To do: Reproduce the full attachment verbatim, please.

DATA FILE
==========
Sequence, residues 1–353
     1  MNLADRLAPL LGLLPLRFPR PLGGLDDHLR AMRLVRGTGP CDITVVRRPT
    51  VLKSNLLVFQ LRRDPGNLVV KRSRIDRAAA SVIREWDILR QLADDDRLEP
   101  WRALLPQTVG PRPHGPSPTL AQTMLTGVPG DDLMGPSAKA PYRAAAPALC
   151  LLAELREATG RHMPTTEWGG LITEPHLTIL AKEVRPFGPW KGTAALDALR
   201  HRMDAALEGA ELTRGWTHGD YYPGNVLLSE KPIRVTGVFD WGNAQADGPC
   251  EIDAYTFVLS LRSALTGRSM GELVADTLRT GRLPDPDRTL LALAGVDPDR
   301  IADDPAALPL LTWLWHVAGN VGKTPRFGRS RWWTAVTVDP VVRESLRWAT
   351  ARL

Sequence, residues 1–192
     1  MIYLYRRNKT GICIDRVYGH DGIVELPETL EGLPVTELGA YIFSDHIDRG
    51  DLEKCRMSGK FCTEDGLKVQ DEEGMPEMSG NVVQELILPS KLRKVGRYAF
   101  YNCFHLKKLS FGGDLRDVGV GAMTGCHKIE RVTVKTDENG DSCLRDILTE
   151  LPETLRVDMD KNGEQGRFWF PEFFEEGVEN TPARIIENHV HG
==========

Sequence, residues 1–353
     1  MNLADRLAPL LGLLPLRFPR PLGGLDDHLR AMRLVRGTGP CDITVVRRPT
    51  VLKSNLLVFQ LRRDPGNLVV KRSRIDRAAA SVIREWDILR QLADDDRLEP
   101  WRALLPQTVG PRPHGPSPTL AQTMLTGVPG DDLMGPSAKA PYRAAAPALC
   151  LLAELREATG RHMPTTEWGG LITEPHLTIL AKEVRPFGPW KGTAALDALR
   201  HRMDAALEGA ELTRGWTHGD YYPGNVLLSE KPIRVTGVFD WGNAQADGPC
   251  EIDAYTFVLS LRSALTGRSM GELVADTLRT GRLPDPDRTL LALAGVDPDR
   301  IADDPAALPL LTWLWHVAGN VGKTPRFGRS RWWTAVTVDP VVRESLRWAT
   351  ARL

Sequence, residues 1–192
     1  MIYLYRRNKT GICIDRVYGH DGIVELPETL EGLPVTELGA YIFSDHIDRG
    51  DLEKCRMSGK FCTEDGLKVQ DEEGMPEMSG NVVQELILPS KLRKVGRYAF
   101  YNCFHLKKLS FGGDLRDVGV GAMTGCHKIE RVTVKTDENG DSCLRDILTE
   151  LPETLRVDMD KNGEQGRFWF PEFFEEGVEN TPARIIENHV HG